All posts by hmghaly

Zipf’s Law in learning a new language

With so many words in any language, it can be intimidating for any language learner. However, have you ever noticed that some words are more “important”/”frequently used” than others?  If we understand this, why not just start with these most frequent words – to know their sound and meaning and usage, as an easy goal to bootstrap your language learning experience? This means: we learn few important words -> we understand a lot of the texts and conversations in the language you learning. The more of these words we know, the more we’ll understand.

This observation about the frequency and importance of certain words is based on something called “Zipf’s Law“.  It is similar to Pareto principle (also known as the 80/20 rule, the law of the vital few). This law indicates ” the frequency of any word is inversely proportional to its rank in the frequency table”. So in English, the word with # 1 rank is “the”, and it  accounts for nearly 7% of all the words in a large collection of text, then the word “of” accounts for about 3.5% of all the words. And same for the most frequent words at the head of this dinosaur in the graph, then words with medium ranking and frequency, then a long tail of words that are used less frequently.

Follow us on our blog and social media for more language insights and cool new language learning tools!

Illustration of Zipf's Law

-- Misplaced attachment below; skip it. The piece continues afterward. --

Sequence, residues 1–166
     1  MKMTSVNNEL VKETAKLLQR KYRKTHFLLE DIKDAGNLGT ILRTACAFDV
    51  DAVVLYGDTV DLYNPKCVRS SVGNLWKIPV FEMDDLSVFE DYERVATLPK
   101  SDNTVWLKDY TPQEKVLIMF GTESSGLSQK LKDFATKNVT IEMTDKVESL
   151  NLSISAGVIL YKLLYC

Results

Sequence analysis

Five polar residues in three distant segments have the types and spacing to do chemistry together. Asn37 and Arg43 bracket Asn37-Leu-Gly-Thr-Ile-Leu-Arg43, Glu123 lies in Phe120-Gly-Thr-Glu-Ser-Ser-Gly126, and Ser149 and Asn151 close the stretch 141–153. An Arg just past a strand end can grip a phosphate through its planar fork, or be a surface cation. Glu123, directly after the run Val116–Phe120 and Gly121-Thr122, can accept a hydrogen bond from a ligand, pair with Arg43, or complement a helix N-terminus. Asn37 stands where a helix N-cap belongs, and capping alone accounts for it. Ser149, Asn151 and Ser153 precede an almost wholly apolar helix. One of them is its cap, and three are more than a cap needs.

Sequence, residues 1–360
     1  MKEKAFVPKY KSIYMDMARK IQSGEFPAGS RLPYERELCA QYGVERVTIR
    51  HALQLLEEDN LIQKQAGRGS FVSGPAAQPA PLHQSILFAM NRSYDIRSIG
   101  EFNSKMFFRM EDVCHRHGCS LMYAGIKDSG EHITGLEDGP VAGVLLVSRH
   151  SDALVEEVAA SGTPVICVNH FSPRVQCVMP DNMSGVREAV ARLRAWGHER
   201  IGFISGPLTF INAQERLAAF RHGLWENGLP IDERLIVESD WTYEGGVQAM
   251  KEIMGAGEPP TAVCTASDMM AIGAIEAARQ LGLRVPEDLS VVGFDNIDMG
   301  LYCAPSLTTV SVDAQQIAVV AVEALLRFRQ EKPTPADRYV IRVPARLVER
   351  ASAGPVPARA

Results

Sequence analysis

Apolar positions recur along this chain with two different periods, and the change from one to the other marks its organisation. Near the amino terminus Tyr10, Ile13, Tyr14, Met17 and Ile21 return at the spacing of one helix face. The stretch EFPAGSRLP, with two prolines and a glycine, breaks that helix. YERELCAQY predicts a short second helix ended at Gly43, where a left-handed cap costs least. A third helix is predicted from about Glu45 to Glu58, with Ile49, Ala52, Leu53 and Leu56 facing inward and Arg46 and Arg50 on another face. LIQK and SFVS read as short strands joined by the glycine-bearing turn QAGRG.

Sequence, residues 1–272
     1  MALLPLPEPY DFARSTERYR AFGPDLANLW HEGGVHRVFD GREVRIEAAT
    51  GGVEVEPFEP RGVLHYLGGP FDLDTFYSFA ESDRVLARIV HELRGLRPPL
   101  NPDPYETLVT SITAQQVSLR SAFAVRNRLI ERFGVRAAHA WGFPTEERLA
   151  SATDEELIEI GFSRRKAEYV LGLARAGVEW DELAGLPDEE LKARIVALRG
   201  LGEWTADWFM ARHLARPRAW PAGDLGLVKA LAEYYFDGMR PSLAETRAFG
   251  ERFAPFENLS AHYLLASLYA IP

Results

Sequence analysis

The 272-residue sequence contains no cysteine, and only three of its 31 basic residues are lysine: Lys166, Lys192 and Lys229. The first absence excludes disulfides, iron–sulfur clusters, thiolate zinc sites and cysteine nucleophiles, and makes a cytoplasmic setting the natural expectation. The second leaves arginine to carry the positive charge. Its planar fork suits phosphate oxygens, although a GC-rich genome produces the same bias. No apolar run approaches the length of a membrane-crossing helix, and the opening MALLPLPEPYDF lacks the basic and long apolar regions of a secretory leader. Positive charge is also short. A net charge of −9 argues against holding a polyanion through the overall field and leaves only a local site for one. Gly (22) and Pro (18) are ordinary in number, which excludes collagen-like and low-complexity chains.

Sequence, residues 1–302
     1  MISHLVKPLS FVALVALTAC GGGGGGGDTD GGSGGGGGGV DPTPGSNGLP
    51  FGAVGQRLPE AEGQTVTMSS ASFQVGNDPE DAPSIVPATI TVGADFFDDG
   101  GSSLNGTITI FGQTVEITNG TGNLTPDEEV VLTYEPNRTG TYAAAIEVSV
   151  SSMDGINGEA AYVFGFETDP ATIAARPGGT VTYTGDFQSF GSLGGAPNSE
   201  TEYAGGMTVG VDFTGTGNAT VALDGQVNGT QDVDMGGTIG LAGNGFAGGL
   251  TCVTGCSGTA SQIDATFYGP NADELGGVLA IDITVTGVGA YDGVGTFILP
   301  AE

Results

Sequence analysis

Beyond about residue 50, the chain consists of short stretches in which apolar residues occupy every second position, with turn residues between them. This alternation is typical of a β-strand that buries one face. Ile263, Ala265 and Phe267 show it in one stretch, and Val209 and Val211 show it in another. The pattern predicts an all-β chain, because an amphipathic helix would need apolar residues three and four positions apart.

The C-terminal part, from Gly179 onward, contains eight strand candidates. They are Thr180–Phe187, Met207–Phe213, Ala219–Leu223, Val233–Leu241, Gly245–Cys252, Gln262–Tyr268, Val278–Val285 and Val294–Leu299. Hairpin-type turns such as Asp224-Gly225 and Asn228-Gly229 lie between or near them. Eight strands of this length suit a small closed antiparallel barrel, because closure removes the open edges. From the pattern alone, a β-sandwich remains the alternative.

Illustration of Zipf’s Law

Figure to the left from: https://stats.stackexchange.com/questions/180793/how-to-verify-if-data-follows-zipfs-law-without-looking-at-the-graph

Figure to the right from: https://blogemis.com/2015/09/26/zipfs-law-and-the-math-of-reason

Minimal Pairs

A screenshot of Champolu, showing how to learn from bilingual minimal pairs (English-Egyptian Arabic)
A screenshot of Champolu, showing how to learn from bilingual minimal pairs (English-Egyptian Arabic)0

A minimal pair, in phonology, is traditionally used as two words that differ in only one sound.  Something like “pen” and “ten”. In Champolu, we are taking the idea of minimal pairs further, so that they can be used in language learning within other linguistic disciplines such as syntax and morphology, and maybe even semantics and pragmatics. This is just the beginning, start playing the game and stay tuned for the next big thing in language learning!

Hello world!

Champolu is here! We’re a multilingual language learning game you can check out here.

We plan to share a bit of everything multilingual- from songs to cartoons and memes to linguistic concepts that shape language as we know it.

Come join us on our journey to learning more about languages and the world :)